MORIAH (AP) - Emergency officials were assessing the damage Wednesday in three northern New York counties where dozens of roads flooded and some were washed out after severe thunderstorms dumped more than 2 1/2 inches of rain across the eastern Adirondacks.
The storms that rolled across upstate New York on a northeasterly track starting Tuesday afternoon dropped nearly 2 inches of rain in the Syracuse area and 1.5 inches to 2.7 inches in the three-county region in the state's northeast corner, according to the National Weather Service office in Burlington, Vt.
Authorities said flooding closed nearly 60 roads across the Adirondacks, most of them in Essex County, scene of some of the worst damage. County Emergency Services Director Don Jaquish told local media that roads were closed throughout the county and numerous homes had to be evacuated.
There were no reports of injuries.
Jaquish said a bridge over a stream washed out as a woman drove her sport utility over the span in the town of Moriah, on Lake Champlain's western shore. She managed to scramble to safety, but her SUV was left dangling over the edge of the chasm before it fell in, he said.
A local fire chief was injured when the road he was driving on collapsed under his car while he was returning from a flooding call, Jaquish told the Press-Republican of Plattsburgh. He was taken to Fletcher Allen Health Care in Burlington. His condition wasn't available.
About six roads were closed by flooding Wednesday in neighboring Clinton County, said Eric Day, the county's director of emergency services. Officials in Franklin County said there was some flooding in the county's south, but no road closures were reported.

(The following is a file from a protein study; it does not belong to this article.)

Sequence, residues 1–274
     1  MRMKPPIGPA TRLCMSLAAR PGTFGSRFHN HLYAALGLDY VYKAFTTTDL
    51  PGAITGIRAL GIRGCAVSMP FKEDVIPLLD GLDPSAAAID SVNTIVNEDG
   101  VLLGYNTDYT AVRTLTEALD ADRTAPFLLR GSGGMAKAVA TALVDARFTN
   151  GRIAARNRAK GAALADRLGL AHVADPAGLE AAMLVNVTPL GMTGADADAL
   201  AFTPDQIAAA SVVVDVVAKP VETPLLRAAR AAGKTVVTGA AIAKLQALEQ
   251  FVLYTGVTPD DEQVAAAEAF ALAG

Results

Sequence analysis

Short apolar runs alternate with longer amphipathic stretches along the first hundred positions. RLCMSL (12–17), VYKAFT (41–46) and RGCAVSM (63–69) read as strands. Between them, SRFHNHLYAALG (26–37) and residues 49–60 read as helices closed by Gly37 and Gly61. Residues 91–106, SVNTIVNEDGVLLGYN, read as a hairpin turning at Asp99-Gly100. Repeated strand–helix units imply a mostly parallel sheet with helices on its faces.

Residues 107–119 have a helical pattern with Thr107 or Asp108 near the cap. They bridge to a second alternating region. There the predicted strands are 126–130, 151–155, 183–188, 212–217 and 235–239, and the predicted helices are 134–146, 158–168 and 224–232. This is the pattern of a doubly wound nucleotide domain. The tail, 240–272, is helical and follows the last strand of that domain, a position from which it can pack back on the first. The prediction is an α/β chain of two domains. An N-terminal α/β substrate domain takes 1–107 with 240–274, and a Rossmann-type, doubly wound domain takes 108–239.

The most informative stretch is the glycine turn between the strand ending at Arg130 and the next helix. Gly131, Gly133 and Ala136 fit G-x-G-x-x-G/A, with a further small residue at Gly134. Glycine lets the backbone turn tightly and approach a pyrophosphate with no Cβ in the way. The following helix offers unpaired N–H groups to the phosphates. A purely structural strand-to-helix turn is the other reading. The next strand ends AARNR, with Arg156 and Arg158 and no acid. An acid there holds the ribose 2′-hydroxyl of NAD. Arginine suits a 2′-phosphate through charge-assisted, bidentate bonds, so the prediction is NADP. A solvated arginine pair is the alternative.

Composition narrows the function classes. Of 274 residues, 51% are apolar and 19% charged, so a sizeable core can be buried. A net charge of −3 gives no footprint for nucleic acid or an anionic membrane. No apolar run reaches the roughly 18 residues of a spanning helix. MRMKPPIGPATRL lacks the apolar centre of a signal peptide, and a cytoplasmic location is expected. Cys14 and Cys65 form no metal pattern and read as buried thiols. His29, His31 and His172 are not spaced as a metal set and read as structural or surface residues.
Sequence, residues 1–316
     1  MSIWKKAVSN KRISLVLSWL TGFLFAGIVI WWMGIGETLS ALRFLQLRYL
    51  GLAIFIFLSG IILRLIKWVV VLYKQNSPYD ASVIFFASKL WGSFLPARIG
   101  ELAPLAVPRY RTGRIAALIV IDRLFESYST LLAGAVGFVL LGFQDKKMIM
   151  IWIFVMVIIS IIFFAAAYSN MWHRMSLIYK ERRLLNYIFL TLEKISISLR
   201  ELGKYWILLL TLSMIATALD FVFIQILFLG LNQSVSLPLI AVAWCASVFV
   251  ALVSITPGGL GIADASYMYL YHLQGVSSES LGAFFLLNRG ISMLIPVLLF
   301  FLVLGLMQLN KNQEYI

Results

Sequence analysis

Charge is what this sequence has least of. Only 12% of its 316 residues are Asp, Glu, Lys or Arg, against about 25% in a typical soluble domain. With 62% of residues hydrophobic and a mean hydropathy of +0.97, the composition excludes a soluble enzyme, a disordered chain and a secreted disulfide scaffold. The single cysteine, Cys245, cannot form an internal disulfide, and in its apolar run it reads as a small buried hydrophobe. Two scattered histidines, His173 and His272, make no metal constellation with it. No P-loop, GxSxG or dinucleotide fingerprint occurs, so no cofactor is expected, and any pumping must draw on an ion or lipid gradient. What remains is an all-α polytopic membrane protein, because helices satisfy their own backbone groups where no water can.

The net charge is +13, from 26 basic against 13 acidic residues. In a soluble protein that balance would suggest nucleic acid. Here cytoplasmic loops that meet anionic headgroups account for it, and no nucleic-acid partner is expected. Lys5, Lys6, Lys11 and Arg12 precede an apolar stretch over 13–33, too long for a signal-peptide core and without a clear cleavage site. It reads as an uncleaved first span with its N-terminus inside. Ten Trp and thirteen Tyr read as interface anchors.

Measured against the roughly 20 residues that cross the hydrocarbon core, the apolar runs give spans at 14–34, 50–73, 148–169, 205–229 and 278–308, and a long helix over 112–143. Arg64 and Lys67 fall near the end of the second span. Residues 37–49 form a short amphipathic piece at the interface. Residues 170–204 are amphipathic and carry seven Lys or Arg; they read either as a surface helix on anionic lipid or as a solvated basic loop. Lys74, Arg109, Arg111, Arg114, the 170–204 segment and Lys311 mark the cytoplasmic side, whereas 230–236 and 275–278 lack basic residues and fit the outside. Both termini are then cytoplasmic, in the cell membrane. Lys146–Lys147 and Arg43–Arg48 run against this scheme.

The storms socked parts of central New York with high winds and hail, causing damage earlier Tuesday to homes, barns and other structures in several communities around Syracuse. Roads were flooded throughout the area, and a section of Interstate 81 just north of downtown Syracuse was closed for two hours after the highway became inundated and motorists had to be rescued from their cars.
Officials from the state Office of Emergency Management were in central and northern New York Wednesday to assess the damage, but agency spokesman Dennis Michalski said it was too early to give an accurate estimate.
"We're really early into the game so far," he said. "We're not going to see any hard numbers yet."
Forecasts Wednesday and Thursday predicted more rain for parts of the Adirondacks, where snowmelt from the higher elevations was contributing to the flooding, officials said. The water level on Lake Champlain, already 1 1/2 feet above flood stage, is likely to rise some more by the weekend, Nash said.